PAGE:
Watching Americans with TV

Last Christmas when I was back in the UK I became obsessed with Channel 4’s Gogglebox, a reality show where we watch people watching television. An unbeatable premise executed to perfection, it was just the right mix of sociology, sitcom, soap opera and vox pop. Upon returning to the US, I learnt Gogglebox was to be re-made in America as The People’s Couch by socialite reality cable network Bravo. Bravo has never cared about representing the American public before so it seemed a curious choice of import. Saying that, Channel 4 is not exactly a public service channel anymore either.

When Gogglebox starting airing last year, the idea of watching TV viewers on TV was already familiar to British audiences. The Royle Family, one of the most popular British sitcoms of the last 20 years, largely consisted of a family sitting in their living room with the TV on. Football fans have been watching pundits watch Premier League games on Sky Sports Soccer Saturday for decades now. The notion of TV re-capping TV wasn’t news either. One of our biggest comedies of recent years TV Burp was a retrospective of the week’s TV with irreverent commentary from offbeat entertainer Harry Hill.

Sky Sports Soccer Saturday: Watching pundits watch football.

Sky Sports Soccer Saturday: Watching pundits watch football.

Gogglebox wasn’t the first attempt at this idea on British television, just the first version of it that people wanted to watch and channels would want to commission. In the early 2000s, the live late-night Channel 4 panel show Flipside TV had celebrity guests providing running commentary on TV programmes airing at the same time. Its graveyard slot meant there was no danger of losing viewers to other channels, but Gogglebox eased the format into primetime by having it recount the previous week’s TV. Flipside TV also didn’t have two of Gogglebox’s prime draws; the public and TV clips.

The concept is not exactly unheard of in American TV either. The couch-potato sitcoms of the ‘80s and ‘90s such as Roseanne and The Simpsons added a layer of realism to the depiction of American family life by showing characters in front of the TV, although the shows they watched were largely invented or embellished. E!’s The Soup trawls through clips of the week’s TV with mocking commentary from comedian Joel McHale, in a format very similar to TV Burp. But it’s invariably a specific kind of bad and bizarre reality TV that’s always seen ironically and functions as material.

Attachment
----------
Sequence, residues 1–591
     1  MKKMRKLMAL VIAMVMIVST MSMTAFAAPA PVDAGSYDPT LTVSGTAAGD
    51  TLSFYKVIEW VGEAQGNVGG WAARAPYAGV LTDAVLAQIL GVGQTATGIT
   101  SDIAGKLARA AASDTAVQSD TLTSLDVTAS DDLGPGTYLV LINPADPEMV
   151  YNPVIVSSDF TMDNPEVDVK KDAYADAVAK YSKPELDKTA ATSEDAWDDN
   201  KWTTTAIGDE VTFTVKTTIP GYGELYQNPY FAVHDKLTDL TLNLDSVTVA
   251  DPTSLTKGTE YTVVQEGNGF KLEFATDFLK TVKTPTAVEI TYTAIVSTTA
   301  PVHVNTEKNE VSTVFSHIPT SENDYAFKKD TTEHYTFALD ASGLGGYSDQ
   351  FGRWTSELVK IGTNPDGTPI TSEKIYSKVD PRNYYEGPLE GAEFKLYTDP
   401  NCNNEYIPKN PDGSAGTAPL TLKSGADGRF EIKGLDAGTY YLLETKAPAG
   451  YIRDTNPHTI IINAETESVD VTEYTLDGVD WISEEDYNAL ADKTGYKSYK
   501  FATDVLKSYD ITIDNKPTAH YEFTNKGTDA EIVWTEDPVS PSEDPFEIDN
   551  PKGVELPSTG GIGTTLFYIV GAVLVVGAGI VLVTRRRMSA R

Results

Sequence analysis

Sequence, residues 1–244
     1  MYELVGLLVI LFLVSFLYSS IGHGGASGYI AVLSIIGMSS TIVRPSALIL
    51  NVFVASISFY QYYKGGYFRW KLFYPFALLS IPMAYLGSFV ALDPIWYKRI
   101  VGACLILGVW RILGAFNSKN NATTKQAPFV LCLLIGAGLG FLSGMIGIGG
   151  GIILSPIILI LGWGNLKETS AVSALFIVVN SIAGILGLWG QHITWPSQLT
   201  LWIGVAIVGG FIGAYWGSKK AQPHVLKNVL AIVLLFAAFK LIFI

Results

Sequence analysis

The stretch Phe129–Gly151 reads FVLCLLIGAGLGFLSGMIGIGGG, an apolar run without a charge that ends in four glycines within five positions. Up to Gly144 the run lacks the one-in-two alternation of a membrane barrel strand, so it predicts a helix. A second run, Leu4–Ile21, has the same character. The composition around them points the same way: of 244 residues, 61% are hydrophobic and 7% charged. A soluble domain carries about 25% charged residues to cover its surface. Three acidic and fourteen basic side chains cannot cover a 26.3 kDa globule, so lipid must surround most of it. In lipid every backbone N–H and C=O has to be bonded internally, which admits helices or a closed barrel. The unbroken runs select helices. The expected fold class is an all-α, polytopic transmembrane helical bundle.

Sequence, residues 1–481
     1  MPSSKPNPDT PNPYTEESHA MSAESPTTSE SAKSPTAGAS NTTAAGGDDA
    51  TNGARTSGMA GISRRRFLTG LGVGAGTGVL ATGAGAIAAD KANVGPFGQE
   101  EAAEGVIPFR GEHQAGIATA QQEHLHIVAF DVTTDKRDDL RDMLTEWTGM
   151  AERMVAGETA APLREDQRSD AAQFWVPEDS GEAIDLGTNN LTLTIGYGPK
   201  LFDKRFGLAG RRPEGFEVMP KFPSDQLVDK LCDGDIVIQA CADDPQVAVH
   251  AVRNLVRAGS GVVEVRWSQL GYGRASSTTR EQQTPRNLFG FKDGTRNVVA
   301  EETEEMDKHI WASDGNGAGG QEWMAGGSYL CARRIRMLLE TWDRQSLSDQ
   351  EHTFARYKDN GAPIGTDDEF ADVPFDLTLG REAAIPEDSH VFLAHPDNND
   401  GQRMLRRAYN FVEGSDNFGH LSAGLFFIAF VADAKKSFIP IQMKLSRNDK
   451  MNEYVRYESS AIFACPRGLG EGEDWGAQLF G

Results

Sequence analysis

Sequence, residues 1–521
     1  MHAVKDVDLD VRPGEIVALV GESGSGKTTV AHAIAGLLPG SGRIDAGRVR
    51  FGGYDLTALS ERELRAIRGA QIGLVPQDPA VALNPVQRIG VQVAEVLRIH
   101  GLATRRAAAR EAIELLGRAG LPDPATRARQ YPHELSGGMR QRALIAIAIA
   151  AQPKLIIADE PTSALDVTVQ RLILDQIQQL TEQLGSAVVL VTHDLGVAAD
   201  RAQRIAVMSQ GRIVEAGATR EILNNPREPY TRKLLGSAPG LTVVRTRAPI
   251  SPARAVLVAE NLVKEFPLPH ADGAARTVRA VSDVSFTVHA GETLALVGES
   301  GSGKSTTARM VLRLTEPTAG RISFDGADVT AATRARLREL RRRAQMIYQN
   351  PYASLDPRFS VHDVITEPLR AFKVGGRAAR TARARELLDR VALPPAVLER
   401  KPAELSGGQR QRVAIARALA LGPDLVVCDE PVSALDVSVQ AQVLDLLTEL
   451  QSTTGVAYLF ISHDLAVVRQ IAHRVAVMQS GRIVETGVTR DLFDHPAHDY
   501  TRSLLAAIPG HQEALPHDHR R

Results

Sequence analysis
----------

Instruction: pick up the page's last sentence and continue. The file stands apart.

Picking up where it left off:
Who are we watching?

Who are we watching?

The format of The People’s Couch is virtually the same as Gogglebox. We watch reactions to and conversations about TV programmes of the past week from different sets of viewers (families, couples, friends) who re-appear each week. Participants all watch the same programmes; although we suspect some of them have been prompted to. Each segment centres on a specific show, which tends to be popular, new or somehow different. We flip between viewers depending on who has the most interesting or entertainment reaction, and we get substantial extracts from TV shows so we know specifically what they are reacting to.

There are, however, minor changes that make all the difference. Gogglebox tries to be as representative as possible of the diversity of British society in terms of class, race, age, ethnicity, sexuality and region. This is a legacy of Channel 4’s social concern and inclusivity as a broadcaster which it used to have in spades and still rears its head occasionally. The People’s Couch tries to be as representative as possible of the diversity of Bravo viewers, which means sassy women and gay men of more than one ethnicity. This is the difference between broadcasting and narrowcasting in a nutshell.

Before there were people's couches there was Gogglebox!

Before there were people’s couches there was Gogglebox!

Gogglebox shows viewers from all over the UK while The People’s Couch doesn’t stray far from the Hollywood axis preferred by TV producers for geographical convenience. It’s remarkable to see middle-class families on a network that typically won’t bother with people worth less than a million but there’s a socio-economic cut-off point in The People’s Couch that there isn’t in Gogglebox. This is probably more about the relative affordability of digital TV in Britain compared to exorbitant US cable costs, which prevents many lower-income homes from getting extensive TV service and disenfranchises them from participation in the national TV conversation.

The biggest mistake made by The People Couch was chopping Gogglebox’s running time of an hour in half and losing the original’s voiceover. Our attachment to and affection for the viewers we see every week is what makes Gogglebox so compelling and moving. Without a voiceover giving us backgrounds and biographies of the people featured and the time to get to know them, their relationships and routines, The People’s Couch only manages superficial glimpses of its real-life stars. It makes them seem shallower than their UK equivalents, which is regrettable because they’re not (necessarily), just represented without depth or empathy.

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